The revelation was just one of a number of reveals during the Hall H panel at Comic Con for the new Tarantino film. Kurt Russell, Tim Roth, Bruce Dern and Jennifer Jason Leigh were all on hand to show off seven minutes of footage from the film and talk about the new film's presentation. »
- Garth Franklin
Director Quentin Tarantino and the cast of his upcoming Western The Hateful Eight invaded Hall H at Comic-Con today, revealing the first footage to the massive crowd, although it hasn't gone online yet. But we did get a new poster. At the end of the panel, Quentin Tarantino made a surprise announcement that legendary composer Ennio Morricone will craft the score for The Hateful Eight, his first original Western score in over 40 years. Here's what the filmmaker had to say during the panel.
"I want to make one announcement that people don't know yet. It wasn't for sure, but we just settled it. You guys know that I don't use an original score in my movies, I kinda take scores from other movies and put 'em in there. This one, I thought should have an original score. So I'm here to announce that the great Ennio Morricone will be doing »
It¡¦s exactly one year to this day when you surprised me and the entire industry with your chilling performance in Ek Villian. June 27, 2014, I¡¦m sure is the day you will never forget. That was, to me, your biggest Friday professionally. You surpassed your expectations as a performer and I know the kick it can give a creative person.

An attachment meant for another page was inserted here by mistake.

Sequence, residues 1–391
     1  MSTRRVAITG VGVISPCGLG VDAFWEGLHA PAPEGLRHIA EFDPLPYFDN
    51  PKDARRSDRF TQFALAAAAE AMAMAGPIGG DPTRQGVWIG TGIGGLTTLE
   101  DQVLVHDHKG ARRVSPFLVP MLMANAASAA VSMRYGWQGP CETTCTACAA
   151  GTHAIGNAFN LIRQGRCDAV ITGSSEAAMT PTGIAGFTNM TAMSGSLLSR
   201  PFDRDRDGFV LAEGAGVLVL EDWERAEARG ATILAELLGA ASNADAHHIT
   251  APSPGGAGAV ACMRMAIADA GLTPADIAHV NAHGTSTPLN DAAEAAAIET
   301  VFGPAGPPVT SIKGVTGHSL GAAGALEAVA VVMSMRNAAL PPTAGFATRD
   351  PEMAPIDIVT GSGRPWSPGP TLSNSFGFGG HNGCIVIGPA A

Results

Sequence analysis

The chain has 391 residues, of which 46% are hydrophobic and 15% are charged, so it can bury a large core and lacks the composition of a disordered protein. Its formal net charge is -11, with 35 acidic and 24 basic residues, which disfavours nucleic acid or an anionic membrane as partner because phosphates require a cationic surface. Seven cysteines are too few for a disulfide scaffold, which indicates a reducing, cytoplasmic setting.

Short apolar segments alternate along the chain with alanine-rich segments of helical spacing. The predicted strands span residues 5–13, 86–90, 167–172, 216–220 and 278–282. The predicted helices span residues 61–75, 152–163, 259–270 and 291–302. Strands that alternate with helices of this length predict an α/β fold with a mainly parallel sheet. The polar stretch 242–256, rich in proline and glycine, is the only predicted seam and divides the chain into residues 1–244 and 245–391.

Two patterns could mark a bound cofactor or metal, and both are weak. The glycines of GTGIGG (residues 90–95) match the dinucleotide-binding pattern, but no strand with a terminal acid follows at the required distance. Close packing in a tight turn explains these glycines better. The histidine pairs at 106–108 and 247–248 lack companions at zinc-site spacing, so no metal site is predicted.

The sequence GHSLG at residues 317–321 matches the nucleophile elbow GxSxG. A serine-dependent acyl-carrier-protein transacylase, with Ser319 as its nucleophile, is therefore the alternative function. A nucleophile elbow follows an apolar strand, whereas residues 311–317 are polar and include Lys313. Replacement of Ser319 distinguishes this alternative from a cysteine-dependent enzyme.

It¡¦s a high of knowing that you broke the standards you set for yourself. Every creative person is his or hers biggest critic. The appreciation that followed would have only been the icing on the cake. Not to mention the awards.
Every actor lives for this, and then to push himself some more; for that surreal place where he can call his own¡Xhis zone! Every actor reaches there at least once in his lifetime.
Brian De Palma’s overtly stylistic method of filmmaking may have won him fans such as Quentin Tarantino, but there’s a sinking feeling when you look over his career that he’s never quite received the respect he deserves. De Palma already had several films under his belt by the time the “movie brats” came of age in the 1970s. He worked with Robert De Niro years before Scorsese and Coppola ever got their hands on the actor. He’s amassed a filmography that features classics such as “Carrie,” “Scarface,” “The Untouchables,” and he has three other films in the Criterion Collection. And yet, he’s also the guy who somehow wound up with zero Oscar nods and six Razzie nominations. What’s that all about? No matter how you look at De Palma’s career, there’s no denying he can be a remarkable craftsman. Video essayist Julian Palmer »
- Ken Guidry
Composer Ennio Morricone is going on a worldwide tour to celebrate 60 years in the film industry.
Morricone will travel across the globe from January 2016 to cities including Prague, Dublin and Amsterdam.
The tour will arrive at Dublin's 3Arena on February 14 and London's O2 Arena on February 16.
During his years in the industry, Morricone has composed music for more than 500 films and TV shows, including Django Unchained, The Untouchables, Once Upon a Time in America and The Good, The Bad and The Ugly.
Tickets go on sale this Friday (June 5). Further cities will be announced soon.